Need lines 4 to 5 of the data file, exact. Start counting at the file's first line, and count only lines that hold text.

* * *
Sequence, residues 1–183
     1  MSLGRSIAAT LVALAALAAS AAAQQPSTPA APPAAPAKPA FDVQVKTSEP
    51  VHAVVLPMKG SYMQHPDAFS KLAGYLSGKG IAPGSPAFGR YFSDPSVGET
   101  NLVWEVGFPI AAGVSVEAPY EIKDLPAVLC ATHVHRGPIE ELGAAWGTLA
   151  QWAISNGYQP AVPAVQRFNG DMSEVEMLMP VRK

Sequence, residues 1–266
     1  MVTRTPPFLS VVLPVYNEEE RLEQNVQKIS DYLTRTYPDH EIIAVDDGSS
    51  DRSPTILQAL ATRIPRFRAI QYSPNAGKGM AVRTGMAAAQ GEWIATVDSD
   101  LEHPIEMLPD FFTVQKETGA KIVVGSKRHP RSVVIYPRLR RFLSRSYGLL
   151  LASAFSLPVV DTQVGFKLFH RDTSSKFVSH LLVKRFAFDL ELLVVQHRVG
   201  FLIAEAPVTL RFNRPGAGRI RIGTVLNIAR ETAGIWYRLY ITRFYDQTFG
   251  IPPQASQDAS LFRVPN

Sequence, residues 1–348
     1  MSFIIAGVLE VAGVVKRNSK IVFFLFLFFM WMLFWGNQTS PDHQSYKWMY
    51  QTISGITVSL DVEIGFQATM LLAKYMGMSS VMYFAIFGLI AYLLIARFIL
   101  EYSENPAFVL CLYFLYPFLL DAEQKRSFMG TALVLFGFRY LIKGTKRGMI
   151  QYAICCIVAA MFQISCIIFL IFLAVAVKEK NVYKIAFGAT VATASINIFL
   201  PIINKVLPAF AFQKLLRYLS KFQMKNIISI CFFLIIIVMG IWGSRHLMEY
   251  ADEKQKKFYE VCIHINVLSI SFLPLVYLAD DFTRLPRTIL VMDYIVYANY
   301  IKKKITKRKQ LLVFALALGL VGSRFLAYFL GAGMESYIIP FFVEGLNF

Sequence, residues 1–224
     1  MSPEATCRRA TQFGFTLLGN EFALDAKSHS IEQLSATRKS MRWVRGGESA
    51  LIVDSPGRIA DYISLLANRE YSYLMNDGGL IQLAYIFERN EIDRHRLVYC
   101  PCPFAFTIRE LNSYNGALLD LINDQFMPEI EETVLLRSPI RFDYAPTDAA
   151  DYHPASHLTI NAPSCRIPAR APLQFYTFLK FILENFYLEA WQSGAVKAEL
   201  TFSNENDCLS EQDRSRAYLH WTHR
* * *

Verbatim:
   101  NLVWEVGFPI AAGVSVEAPY EIKDLPAVLC ATHVHRGPIE ELGAAWGTLA
   151  QWAISNGYQP AVPAVQRFNG DMSEVEMLMP VRK